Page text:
Writing the complete history of the Jackson (MS) Branch NAACP, which was established in the 1920s along with Meridian and Natchez branches, will be quite an undertaking. However, at a minimum, it is important that this anniversary issue recognizes the countless contributors who, under the NAACP banner, organized protest marches, mass meetings, and sit-ins; registered voters with severe consequences; gathered and disseminated information; and trained youth leaders.
Some local NAACPers braved the title of president, fully aware of the imminent threat to their wellbeing, including Revs. A.W. Wells, R.L.T. Smith, and S. Leon Whitney; attorneys Carsie Hall, Jack Young, and Fred Banks; and Sam Bailey. Keeping the freedom banner held high were presidents Doris Smith, Rev. Hosea Hines, Delores Orey, Esther Quinn Muhammad, Aurelia Jones, Mrs. Ineva May Pittman, Gus McCoy, Wayne McDaniels, and presently, Deloris Lee.
Others may not have presided at the meeting but were present at the table and on the front line. Although there are too many to mention here by name, a few early local NAACP workers were AME Logan, Atty. R. Jess Brown, Gladys Noel Bates, Dr. A. H. McCoy, J.B. Harrington, A.J. Noels, M.C. Collins, William A. Bender, John Dixon, Dorothy P. Williams, Reuben Anderson, Charles Evers, Dr. Robert Smith, Clarie Collins Harvey, Dr. James and Doug Anderson, Frank Figgers, Addie Green, Rev. Emmett Burns, Rev. Hickman Johnson, Drs. Aaron and Ollye Shirley, Dr. Freda Bush, L’Dina Robinson, and Senator Henry Kirksey.
In later years, we would be remiss not to recognize Stephanie Parker Weaver, Jim Evans, Kathy Sykes, Charles Tisdale, L.A. Warren, Winston and Adriane Kidd, Donna Lavigne, Tonea Stewart, Beverly Branson, Perry Robinson, Percy Chatman, Gary Anderson, Maggie Benson White, Edith Carter, Charles Britton, Charles Maholmes, and Derrick Johnson, who now serves as NAACP national president.
Medgar Wiley Evers, along with his wife, Myrlie, should be credited with sparking local NAACP branches to organize and reactivate when he became Mississippi NAACP field secretary in 1954 and relocated to Jackson. His dedication over the next nine years of his life is unparalleled in Mississippi’s fight for equity.
Jackson NAACP youth council members and leaders should also be celebrated for their tenacity. Among them are Shirley, Orbra, and Lee Roy Harrington; Gene Young; Cleveland and James Donald; Stanley Wright; and Randolph, Arthur, Althea, Evelyn, and Fannie Watson; and Kathryn Orey Perry, who also served as a state NAACP youth advisor as did Shirley Harrington, Addie Green, and this writer. Harrington served as a youth council member during the turbulent 1960s and went on to be a youth leader for over three decades. Green also served as special assistant to Dr. Aaron E. Henry, state NAACP president.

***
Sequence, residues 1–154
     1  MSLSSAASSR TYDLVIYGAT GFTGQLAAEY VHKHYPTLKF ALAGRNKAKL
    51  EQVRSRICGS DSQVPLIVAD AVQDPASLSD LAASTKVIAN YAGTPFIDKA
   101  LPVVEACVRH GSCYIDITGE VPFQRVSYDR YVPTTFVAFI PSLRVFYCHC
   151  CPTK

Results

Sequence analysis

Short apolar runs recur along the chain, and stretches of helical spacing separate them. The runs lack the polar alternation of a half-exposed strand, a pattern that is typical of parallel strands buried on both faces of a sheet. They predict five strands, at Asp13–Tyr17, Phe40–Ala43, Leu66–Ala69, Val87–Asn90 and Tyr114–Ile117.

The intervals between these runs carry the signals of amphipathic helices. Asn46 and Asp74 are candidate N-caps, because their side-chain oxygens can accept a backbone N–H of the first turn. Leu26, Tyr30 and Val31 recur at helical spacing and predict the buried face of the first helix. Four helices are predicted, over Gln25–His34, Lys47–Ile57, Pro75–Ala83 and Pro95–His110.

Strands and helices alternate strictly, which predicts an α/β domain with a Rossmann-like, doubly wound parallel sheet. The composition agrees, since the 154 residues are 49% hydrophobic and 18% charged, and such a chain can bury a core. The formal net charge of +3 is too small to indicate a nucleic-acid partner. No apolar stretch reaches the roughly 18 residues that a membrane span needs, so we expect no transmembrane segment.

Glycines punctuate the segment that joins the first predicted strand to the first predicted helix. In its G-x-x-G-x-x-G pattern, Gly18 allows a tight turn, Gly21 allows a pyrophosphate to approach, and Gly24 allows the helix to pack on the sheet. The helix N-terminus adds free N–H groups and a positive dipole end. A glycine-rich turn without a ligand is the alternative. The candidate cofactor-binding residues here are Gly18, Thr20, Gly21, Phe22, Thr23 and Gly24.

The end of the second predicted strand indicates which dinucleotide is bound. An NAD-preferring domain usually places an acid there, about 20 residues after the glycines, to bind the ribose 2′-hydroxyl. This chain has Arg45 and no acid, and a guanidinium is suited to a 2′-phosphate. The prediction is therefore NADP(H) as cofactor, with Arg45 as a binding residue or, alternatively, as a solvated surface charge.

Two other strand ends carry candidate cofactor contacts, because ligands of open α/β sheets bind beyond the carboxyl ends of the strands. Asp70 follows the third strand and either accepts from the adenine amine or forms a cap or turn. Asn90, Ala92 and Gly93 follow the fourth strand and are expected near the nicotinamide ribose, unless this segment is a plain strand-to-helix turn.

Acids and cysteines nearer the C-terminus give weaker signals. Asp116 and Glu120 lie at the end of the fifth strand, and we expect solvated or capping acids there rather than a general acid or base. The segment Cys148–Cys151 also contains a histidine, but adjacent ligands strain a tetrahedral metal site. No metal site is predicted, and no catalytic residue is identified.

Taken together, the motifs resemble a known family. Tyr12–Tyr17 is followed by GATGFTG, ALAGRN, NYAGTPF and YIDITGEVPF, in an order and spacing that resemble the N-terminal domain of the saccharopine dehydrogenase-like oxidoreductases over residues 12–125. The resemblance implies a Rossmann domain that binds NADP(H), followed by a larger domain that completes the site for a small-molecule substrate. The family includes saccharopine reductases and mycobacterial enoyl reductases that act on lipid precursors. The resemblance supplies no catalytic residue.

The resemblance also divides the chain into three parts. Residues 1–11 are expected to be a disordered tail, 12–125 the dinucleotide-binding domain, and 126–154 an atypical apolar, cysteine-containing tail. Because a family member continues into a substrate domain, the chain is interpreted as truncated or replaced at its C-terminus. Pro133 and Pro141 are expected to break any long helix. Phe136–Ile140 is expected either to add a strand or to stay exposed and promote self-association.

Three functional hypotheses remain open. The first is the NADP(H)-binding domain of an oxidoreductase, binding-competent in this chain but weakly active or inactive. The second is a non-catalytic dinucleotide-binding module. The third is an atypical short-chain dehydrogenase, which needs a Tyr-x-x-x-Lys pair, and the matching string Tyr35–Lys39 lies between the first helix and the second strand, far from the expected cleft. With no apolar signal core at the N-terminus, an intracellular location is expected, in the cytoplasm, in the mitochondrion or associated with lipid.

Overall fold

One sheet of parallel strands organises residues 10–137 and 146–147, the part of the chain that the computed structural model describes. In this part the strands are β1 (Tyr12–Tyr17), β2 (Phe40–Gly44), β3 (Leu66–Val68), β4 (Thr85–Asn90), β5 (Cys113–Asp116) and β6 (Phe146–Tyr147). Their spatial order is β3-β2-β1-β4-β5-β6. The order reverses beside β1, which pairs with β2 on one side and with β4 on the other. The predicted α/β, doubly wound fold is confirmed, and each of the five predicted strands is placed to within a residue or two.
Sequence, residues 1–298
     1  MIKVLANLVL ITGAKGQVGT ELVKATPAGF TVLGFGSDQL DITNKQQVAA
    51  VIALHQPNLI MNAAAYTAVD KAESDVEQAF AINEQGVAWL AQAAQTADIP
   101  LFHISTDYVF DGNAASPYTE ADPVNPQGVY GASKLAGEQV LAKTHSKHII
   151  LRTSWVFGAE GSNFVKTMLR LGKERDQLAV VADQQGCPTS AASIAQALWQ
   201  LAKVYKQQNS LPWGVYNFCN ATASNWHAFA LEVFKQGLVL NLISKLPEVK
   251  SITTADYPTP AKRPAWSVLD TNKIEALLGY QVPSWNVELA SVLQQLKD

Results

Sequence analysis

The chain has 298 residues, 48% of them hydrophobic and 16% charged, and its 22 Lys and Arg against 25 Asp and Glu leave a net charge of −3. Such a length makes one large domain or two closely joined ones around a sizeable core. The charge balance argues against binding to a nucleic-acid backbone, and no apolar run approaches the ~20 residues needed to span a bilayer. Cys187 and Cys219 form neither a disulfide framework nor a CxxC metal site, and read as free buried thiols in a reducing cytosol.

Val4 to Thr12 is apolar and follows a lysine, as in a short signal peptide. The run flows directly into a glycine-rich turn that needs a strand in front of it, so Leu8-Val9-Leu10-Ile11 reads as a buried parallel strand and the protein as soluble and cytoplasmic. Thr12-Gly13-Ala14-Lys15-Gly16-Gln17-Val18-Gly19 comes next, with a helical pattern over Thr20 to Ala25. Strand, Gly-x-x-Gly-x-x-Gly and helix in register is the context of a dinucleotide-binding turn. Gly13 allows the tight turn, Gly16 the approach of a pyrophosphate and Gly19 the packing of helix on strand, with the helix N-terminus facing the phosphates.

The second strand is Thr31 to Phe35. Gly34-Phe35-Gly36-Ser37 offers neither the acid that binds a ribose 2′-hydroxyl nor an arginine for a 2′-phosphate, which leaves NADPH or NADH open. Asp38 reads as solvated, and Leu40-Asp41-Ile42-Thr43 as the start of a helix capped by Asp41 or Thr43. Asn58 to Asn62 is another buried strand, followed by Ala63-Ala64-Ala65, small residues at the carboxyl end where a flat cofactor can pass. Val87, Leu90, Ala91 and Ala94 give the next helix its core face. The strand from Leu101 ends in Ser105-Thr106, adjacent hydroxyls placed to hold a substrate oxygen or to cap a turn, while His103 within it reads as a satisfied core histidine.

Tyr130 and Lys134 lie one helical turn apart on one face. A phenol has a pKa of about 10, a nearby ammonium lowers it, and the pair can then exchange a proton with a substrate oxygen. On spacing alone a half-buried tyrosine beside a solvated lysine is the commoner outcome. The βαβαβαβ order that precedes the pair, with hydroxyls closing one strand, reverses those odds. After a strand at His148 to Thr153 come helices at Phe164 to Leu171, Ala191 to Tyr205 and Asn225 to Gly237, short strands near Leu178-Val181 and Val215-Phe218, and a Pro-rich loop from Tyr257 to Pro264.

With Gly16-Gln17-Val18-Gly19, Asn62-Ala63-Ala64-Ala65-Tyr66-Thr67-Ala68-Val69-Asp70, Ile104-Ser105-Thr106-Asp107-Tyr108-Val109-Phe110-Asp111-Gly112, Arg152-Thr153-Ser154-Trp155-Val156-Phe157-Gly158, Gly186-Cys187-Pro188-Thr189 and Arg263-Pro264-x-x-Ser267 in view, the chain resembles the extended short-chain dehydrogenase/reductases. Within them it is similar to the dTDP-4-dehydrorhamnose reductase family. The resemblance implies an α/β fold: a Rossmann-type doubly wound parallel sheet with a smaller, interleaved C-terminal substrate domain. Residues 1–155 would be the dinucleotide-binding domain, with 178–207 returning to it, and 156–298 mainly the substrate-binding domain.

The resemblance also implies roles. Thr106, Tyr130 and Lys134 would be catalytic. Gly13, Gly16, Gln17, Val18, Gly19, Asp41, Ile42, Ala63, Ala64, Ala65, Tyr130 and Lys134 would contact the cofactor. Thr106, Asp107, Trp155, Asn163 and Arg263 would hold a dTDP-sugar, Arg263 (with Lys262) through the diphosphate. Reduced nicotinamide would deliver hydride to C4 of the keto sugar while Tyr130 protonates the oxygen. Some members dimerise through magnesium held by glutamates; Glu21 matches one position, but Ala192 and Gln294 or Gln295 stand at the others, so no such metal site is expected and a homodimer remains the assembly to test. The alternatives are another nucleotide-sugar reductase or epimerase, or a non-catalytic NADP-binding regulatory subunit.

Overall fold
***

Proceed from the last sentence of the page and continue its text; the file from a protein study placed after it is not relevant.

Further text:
Although the NAACP’s primary mission is civil rights, local branches have addressed all social disparities with great vigor; education being at the top of the list.
“For seven consecutive years, we had a citywide partnership with JPS to ensure school readiness,” recalls former president Gus McCoy. “We impacted an average of 1,500 students per year with supplies and coordination with health resources through a number of community partners.”
Former president Esther Quinn Muhammad (1990-94) added her priority was engaging youth. “We had the largest membership of young people joining and participating in the Jackson branch. We reactivated the youth council and worked closely with the college chapters in the area,” she said.
“The Jackson Branch NAACP continues to be involved with civic engagement activities, such voter registration, voter education forums, and Get Out The Vote,” says current president Deloris Lee. “We have supported school bond issues that will improve the schools here in Jackson; been involved with the effort to get a new stage flag; participated with the effort to educate the community on the importance of the Census; supported Nissan workers in their efforts to unionize in Canton; opposed charter schools; partnered in health and political forums; and went on record of opposing the redistricting plan the state legislature adopted in 2021.”
Lee said branch members worked tirelessly during the 2021 and 2022 water crisis to get bottled water to senior and disabled citizens. Members also held COVID vaccination events for the public last year.
Again, this is not a history lesson on the Jackson Branch NAACP. This is merely a thank you to those mentioned and not mentioned for their incredible service to the Jackson community.